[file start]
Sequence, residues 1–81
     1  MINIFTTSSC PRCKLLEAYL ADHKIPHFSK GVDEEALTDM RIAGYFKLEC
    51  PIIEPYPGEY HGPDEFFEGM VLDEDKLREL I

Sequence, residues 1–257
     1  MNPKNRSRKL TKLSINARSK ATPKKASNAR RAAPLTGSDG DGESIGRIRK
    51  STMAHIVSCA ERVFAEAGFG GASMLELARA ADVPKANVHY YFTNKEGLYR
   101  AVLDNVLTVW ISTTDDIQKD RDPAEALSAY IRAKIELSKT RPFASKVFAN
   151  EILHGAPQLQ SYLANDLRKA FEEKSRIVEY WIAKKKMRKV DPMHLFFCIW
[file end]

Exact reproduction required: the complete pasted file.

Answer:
Sequence, residues 1–81
     1  MINIFTTSSC PRCKLLEAYL ADHKIPHFSK GVDEEALTDM RIAGYFKLEC
    51  PIIEPYPGEY HGPDEFFEGM VLDEDKLREL I

Sequence, residues 1–257
     1  MNPKNRSRKL TKLSINARSK ATPKKASNAR RAAPLTGSDG DGESIGRIRK
    51  STMAHIVSCA ERVFAEAGFG GASMLELARA ADVPKANVHY YFTNKEGLYR
   101  AVLDNVLTVW ISTTDDIQKD RDPAEALSAY IRAKIELSKT RPFASKVFAN
   151  EILHGAPQLQ SYLANDLRKA FEEKSRIVEY WIAKKKMRKV DPMHLFFCIW